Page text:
Twisted-Spine Prickly Pear Fruit and Seed (Opuntia macrorhiza)

In researching my Prickly Pear fruit and seed, I encountered some generic information that does not seem to have been applied to my specific species, but which does apply.

Although Twisted-Spine Prickly Pear is a member of the Cactaceae family, all cacti in the family belong to the Caryophyllales Order.  In part, that means that instead of the flavonoid anthocyanin, the red, orange, yellow colors are betalains.  Cacti fruit has higher betalains than beets.

Betalains still need a lot of study, but they are antioxidant, anti-inflammatory, help arthritis, prevent colon stomach nerve lung breast prostate testicular cancers, and aid detoxification.

Another Caryophyllales group that grows well here is the Amaranthaceae family… my beloved wild greens are Amaranths and Chenopodiums!

In addition, Prickly Pear fruit has many tiny seeds that can be cold pressed into an oil that is high in amino acids, very high in Vitamin E, Vitamin K, and essential fatty acids.  Because it is 60% linoleic acid and 20% oleic acid, it is absorbed without a greasy residue.  I read that it can be used in perfume as well.  If I produce enough.

Oil from its cousin Barbary Fig (Opuntia ficus-indica) is imported and selling for up to $150 for 50ml.  Properties of all cactus fruit and seed are very similar.  What this means to me in my food forest is that I will not have to purchase skin oil in the Market Economy because I have a ready supply of high grade oil here already.

I just bumped a manually-operated oil seed cold press up to the top of my want list.  Not like it wasn’t already on the list, just farther down.  I can steam distill oils now but that is heat processed which would damage this oil.

Now to process the fruit for consumption while removing the seeds for oil.  I have always eaten the seeds, and they are very nutricious if the seeds are digested.  You would have to grind them with your teeth to break them.  The folks in Mexico just swallowed them if I remember correctly.  Me too.  I will pay better attention if my Twisted-Spine Prickly Pear will just bloom!

I should have added this to the earlier post about Twisted-Spine Prickly Pear but this morning I got a gouge from a dead branch that broke a vein in my leg and bled pretty good.  Bleeding cleaned it out, but I cleaned it up with Spearmint infusion I had on hand (I make fresh daily).  Puncture wounds are a concern, always, because I cannot take Tetanus shots.  My doctor advises bleeding to clean it out, cleaning, and antibiotics if necessary.  At least it bled freely.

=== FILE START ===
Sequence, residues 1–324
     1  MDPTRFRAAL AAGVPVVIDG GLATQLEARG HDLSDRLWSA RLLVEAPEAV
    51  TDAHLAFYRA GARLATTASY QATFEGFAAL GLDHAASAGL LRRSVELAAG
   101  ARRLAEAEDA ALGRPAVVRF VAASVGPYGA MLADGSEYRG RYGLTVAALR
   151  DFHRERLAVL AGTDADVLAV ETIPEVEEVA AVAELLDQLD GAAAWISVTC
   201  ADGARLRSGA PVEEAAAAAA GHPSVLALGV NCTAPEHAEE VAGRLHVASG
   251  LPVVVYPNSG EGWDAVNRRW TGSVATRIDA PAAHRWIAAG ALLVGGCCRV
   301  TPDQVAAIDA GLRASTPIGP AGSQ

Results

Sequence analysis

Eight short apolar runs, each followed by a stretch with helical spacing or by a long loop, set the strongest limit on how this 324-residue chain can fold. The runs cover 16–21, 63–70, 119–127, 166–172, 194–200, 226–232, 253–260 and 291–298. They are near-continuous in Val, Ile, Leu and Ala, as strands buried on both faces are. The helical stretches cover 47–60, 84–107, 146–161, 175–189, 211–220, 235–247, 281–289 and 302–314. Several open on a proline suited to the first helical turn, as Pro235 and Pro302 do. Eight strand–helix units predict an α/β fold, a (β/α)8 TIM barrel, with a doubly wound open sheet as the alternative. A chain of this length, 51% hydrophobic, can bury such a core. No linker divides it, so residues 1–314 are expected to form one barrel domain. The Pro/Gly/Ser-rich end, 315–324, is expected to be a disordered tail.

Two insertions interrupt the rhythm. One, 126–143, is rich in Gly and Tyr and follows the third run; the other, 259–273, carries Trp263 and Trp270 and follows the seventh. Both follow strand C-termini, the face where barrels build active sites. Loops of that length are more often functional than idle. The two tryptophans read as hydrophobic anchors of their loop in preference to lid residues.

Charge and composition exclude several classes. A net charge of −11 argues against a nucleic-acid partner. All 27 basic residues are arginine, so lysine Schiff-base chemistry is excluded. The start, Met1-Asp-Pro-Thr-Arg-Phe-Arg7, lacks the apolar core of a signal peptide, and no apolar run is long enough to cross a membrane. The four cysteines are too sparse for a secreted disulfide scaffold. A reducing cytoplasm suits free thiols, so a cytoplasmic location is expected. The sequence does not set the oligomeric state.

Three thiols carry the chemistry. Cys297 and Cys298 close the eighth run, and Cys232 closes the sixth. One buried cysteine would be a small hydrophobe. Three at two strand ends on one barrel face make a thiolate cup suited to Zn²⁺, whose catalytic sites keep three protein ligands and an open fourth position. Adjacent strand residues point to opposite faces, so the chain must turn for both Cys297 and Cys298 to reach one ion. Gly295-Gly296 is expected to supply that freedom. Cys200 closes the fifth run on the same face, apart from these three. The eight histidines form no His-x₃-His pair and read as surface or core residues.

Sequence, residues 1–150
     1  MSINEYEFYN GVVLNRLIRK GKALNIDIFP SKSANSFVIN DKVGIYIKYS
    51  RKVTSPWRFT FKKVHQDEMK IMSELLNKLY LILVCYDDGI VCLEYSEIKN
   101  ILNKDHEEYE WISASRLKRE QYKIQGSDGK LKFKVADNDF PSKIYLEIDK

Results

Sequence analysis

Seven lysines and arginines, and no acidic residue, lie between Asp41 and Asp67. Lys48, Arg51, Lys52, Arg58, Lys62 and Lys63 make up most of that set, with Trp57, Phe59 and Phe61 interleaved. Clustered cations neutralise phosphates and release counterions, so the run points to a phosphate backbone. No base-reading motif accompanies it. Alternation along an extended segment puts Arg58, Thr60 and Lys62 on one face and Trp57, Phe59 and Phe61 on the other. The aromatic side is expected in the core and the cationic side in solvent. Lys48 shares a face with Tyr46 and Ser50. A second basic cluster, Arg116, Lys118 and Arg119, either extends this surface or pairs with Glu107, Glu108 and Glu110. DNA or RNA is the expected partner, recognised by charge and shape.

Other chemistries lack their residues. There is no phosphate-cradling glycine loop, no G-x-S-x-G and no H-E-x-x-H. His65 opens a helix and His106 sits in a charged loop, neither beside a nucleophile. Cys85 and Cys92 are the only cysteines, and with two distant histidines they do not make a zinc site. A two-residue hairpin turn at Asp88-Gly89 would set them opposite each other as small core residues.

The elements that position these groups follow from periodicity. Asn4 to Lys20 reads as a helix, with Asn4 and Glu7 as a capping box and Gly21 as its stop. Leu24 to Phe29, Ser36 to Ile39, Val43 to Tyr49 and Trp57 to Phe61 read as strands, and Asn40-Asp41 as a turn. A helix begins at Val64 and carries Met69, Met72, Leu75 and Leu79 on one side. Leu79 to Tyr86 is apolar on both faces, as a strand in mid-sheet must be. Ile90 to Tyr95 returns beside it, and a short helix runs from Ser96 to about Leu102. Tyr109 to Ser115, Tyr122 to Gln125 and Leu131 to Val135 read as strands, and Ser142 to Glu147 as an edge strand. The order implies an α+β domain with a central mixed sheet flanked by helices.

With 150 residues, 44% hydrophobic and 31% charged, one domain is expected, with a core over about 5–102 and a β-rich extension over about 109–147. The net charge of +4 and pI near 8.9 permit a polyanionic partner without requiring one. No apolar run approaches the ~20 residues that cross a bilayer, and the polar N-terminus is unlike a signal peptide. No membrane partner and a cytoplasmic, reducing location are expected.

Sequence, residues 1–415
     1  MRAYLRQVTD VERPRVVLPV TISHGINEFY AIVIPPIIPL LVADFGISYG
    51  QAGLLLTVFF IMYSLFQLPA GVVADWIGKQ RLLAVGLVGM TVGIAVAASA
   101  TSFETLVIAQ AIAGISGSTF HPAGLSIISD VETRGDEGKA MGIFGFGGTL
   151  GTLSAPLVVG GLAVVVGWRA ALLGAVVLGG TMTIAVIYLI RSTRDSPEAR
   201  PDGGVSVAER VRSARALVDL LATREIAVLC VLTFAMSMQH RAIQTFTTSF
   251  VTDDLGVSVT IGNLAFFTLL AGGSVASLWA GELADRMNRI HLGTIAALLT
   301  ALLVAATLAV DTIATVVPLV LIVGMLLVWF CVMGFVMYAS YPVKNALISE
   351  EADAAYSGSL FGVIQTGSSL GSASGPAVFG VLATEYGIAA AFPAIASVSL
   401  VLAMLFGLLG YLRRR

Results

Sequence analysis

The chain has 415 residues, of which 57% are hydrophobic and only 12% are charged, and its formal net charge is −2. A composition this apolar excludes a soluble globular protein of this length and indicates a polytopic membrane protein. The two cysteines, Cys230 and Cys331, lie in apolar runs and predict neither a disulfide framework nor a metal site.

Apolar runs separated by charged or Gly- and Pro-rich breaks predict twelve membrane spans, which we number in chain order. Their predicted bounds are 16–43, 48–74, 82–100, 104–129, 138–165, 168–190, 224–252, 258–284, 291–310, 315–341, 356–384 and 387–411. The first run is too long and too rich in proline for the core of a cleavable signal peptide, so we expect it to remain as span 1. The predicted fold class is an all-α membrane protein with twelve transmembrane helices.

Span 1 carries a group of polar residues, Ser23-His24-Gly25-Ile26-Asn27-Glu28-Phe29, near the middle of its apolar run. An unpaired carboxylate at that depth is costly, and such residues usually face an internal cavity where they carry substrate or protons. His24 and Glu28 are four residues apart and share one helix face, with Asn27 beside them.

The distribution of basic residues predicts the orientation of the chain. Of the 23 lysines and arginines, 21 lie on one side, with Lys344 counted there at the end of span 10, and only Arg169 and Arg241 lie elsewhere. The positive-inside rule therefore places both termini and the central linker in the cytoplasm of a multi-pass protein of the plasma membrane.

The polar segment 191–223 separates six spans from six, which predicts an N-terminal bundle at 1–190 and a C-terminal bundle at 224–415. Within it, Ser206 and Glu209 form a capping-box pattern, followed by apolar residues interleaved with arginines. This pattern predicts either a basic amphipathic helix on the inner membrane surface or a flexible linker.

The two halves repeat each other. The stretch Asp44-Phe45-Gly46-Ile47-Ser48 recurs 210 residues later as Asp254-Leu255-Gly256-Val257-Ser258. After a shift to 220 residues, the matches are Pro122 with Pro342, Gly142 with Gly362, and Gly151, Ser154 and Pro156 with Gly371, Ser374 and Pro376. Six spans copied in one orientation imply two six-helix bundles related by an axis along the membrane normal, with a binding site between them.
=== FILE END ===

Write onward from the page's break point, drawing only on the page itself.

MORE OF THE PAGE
While I was cleaning with Spearmint, I infused Peppermint and used some on the wound and drank a cup too.  Sometimes you want the power of Peppermint!

I needed a Sunday nap after all that.  Nap taken, I cleaned my injury again but it is already healing.  I drank more Peppermint infusion.  That’s my big excuse for splitting the Twisted-Spine Prickly Pear blog in two.


About rebeccatreeseed

I am a naturalist raised by naturalists. Treeseed is my earned name, while Rebecca is my birth name. I am of Northern European descent, with a quarter Irish.quarter thrown in. I suspect I was a product of northern invaders into Ireland into Ireland. but hard to say since DNA disproved the family story about Apache blood! I have found some odd ancestors to replace them. Last year I bought 5 acres of pinyon-juniper forest on the side of a mountain in Santa Fe County, New Mexico. I am fulfilling a lifetime dream of a cabin in the mountains and a food forest that will feed me and local wildlife. I want to share this new phase of my life with others that might be interested.
This entry was posted in Circular Economy, food forest, gardening, medicinal plants, perfume, permaculture, Prepper and tagged , , , , , , , , , , , , , . Bookmark the permalink.

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